Essentially, there are a lot of people discussing music concepts in such a convoluted manner that it’s nearly impossible to understand or apply them. I really enjoy working with performing musicians who want to discover more about themselves musically. Working with a group of musicians is probably my favorite environment because we can inspire each other to do our best. It’s easier and more fun to be creative in a group setting because one idea triggers another and the creativity builds.

If I were to describe a cause which motivates me the most, that would be the success of the student. Nothing motivates me more in teaching than seeing a student surprise themselves with their playing or with a sudden moment of clarity. Most of the time the problem isn’t the student’s level of effort, but rather the music concepts being made simple, clear, and immediately applicable.

 

LL: How can we support your work?

JS: I teach at TrueFire.com via video exchange, which is probably the most efficient way to teach and learn for the intermediate to advanced player.

Players should take this link to register and learn the benefits of studying with me there. Visiting my website, JustinSchroder.com, will give people the opportunity to learn what I am doing as a teacher and performer. It’s also the best way to contact me regarding how I can help them. I am currently focused on performance and group education. I am available for concerts in solo, duo, small combo, and big band settings, as well as related workshops, clinics, and guest performer bookings.

Simply put, supporting my work is as simple as hiring me to help people and organizations reach their musical goals.

 

 

LL: Looking back through your journey, are you amazed at what you’ve accomplished so far?

JS: I’m amazed that I survived! 🙂

Frankly, I’ve noticed more of the effect I’ve had on students, other musicians, and just people generally since I retired from teaching daily. For various reasons, my current schedule and physical/mental condition are more conducive to effective thought and being present in my daily activities than ever before.

When I am looking for a video I made or a blog post to send to someone, I must say I’m a little surprised at how many videos and blog posts I have created. I’m sure they’re not all great, but I did them and they were evidently something I felt worthy of sharing.

I guess what is most valuable to me at present is the growing awareness and appreciation that I have a family, a job, and the ability to create and re-create Sound Art for my enjoyment to share with others.

 

 

* Justin Schroder is a guitarist based in Lynchburg. Witness him working on learning to communicate more effectively (in 140 characters or less!) via Twitter. You can pick his brain by watching him share playing nuggets on Youtube, through his entries, or by going through the really intense 32 week course.

 

Source Material and Notes: The material posted is based on correspondence (May 2014 – October 2016) between Justin and Leigh. Content has been edited for length, and the final version has been reviewed and approved by the interviewee.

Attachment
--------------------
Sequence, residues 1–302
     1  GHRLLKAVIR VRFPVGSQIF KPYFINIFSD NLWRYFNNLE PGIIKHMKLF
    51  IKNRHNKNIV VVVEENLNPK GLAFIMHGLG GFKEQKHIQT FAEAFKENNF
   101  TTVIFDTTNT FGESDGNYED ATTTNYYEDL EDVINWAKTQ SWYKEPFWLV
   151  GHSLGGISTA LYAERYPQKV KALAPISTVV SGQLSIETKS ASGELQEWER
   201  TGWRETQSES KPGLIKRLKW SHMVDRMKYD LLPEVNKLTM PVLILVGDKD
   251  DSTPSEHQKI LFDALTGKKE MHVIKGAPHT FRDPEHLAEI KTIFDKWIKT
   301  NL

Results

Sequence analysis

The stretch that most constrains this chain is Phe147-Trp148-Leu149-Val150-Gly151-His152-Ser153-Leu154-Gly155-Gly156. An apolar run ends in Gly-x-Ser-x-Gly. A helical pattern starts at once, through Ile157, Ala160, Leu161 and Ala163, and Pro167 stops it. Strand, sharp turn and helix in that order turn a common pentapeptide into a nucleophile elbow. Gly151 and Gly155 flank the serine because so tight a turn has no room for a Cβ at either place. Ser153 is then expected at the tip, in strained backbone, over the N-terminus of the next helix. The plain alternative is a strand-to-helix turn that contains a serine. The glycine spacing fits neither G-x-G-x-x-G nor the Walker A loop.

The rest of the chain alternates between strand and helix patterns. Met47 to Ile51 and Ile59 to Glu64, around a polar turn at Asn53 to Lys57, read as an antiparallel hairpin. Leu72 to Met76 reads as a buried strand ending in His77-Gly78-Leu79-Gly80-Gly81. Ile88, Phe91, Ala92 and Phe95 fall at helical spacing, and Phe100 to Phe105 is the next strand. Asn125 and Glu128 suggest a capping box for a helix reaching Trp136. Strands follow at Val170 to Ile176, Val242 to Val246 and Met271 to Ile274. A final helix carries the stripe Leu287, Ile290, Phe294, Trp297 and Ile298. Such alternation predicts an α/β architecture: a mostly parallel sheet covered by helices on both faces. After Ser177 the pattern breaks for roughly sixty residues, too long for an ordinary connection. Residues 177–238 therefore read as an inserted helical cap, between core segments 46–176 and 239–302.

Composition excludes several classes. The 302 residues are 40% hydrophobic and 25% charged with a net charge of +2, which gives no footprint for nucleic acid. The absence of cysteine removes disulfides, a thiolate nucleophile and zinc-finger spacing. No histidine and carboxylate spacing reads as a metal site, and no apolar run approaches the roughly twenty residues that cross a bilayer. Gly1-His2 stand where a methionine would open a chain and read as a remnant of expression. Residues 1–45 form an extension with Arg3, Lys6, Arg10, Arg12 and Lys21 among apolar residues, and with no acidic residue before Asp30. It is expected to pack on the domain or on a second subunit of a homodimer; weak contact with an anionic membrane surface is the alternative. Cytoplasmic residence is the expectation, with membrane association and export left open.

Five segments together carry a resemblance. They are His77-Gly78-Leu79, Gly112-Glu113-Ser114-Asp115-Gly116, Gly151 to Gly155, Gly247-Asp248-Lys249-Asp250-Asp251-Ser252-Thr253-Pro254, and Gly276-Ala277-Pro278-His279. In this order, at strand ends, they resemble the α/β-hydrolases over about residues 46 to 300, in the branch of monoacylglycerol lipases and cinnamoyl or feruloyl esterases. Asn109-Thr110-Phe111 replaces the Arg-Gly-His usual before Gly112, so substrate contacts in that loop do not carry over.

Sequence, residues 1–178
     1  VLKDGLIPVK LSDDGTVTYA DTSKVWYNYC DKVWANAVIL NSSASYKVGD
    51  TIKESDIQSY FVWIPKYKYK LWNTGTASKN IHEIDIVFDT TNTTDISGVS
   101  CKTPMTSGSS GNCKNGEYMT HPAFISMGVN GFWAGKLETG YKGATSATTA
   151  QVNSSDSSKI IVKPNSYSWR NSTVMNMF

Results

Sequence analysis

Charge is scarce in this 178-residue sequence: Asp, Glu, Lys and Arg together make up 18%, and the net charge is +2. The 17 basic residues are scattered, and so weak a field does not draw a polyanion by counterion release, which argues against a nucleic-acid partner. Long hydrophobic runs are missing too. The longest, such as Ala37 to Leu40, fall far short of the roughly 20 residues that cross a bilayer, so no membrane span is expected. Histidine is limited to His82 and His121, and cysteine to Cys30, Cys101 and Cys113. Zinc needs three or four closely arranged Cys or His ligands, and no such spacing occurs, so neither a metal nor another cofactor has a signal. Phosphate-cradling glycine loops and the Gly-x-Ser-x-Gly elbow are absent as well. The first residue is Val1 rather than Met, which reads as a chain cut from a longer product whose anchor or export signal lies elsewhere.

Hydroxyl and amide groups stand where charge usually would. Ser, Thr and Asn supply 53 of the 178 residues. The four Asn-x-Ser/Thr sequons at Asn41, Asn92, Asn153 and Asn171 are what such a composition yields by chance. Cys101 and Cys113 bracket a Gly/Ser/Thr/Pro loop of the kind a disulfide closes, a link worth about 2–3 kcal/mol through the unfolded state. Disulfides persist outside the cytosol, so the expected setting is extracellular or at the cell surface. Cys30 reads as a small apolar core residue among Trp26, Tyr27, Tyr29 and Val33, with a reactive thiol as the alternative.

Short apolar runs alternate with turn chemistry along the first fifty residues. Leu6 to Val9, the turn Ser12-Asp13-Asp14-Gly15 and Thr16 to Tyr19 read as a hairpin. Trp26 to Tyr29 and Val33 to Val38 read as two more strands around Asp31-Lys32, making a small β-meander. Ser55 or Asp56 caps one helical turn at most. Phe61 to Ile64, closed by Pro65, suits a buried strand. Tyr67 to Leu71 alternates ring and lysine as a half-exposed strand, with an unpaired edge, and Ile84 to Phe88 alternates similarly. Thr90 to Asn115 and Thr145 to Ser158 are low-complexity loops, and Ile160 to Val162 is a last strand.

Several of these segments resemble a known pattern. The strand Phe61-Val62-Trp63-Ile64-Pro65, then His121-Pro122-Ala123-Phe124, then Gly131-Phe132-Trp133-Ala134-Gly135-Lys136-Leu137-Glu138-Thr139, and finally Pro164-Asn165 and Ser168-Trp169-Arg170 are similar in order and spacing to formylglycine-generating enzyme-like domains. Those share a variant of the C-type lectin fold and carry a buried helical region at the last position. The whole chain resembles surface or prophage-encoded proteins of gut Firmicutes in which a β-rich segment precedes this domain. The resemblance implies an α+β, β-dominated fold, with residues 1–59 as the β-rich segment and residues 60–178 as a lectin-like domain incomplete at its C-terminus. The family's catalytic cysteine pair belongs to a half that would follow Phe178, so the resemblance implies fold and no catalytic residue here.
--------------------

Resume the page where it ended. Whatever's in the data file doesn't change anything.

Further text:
Leigh Lim is a musician based out of Sydney. You can find a sample of her music here. To reach out to Leigh, you can do so based on this post. (Curious to find out if she’s your kind of person? You can check out her slightly cheeky FAQ.)

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Q&A #24: Matthew David

 

 

 

Matthew shares his journey as a drummer, his preference of one (big!) screen rather than multiple monitors, and the realisation that focused practice could have improved his skills greatly.

 

 

 

Leigh Lim: Thanks for agreeing to share a bit about yourself Matt. I noticed that there are a couple of vintage kits, is that a soft spot? (You’d pick, or even rescue an unloved, old-old-old kit, rather than purchase a new, or second hand one that was less than 5 years old)

 

Matthew David: I own 1 vintage kit yeah, and I had wanted to buy a vintage kit for as long as I could remember. Being able to restore one, well, that kind of makes it even more special. This kit was collecting dust and rusting away in a friend’s garage. When I dug it out and realised it was the exact sizes I wanted (20″ kick, with short 12 and 13 inch toms, plus a 16″ floor) I knew I had to have it. I took it home and spent an entire Easter weekend scrubbing, wiping, scraping, polishing, till the skin virtually came off my hands.

I smelled of polish and chemical and vinegar and detergent and whatever else I was using. But within a week, I had a fully functioning, totally restored kit (I also had to buy all new skins, plus snare wire and throw-off, plus a couple of hoops and some other bits and pieces). I use it in a 50’s/60’s band, and it’s great fun to play and sounds perfectly old-school.

 

LL: Did you have to wait long to find (and receive) the parts you needed for the restore?

MD: I just went to my previous place of employment (music shop) and bought the parts there. From memory I had to order something in but it only took a few days. I wasn’t up for trying to restore it with genuine parts, so I put generic parts on as no-one would be able to tell the difference anyway.

 

LL: Also! There are a number of Saluda Sound files! Was that a phase? (or you really like those Saluda Cymbals?)

MD: Saluda are great cymbals. I brought a whole bunch in from America to try myself and sell on to others, to get the name out there.

I don’t tend to use them much nowadays though, the ones I brought in were all within a certain kind of sound and I just don’t play the styles that suit the sounds. In saying that though, I use a Saluda Mist-X 16″ crash a lot, fantastic cymbal, it’s kind of like a Zildjian K Custom Hybrid.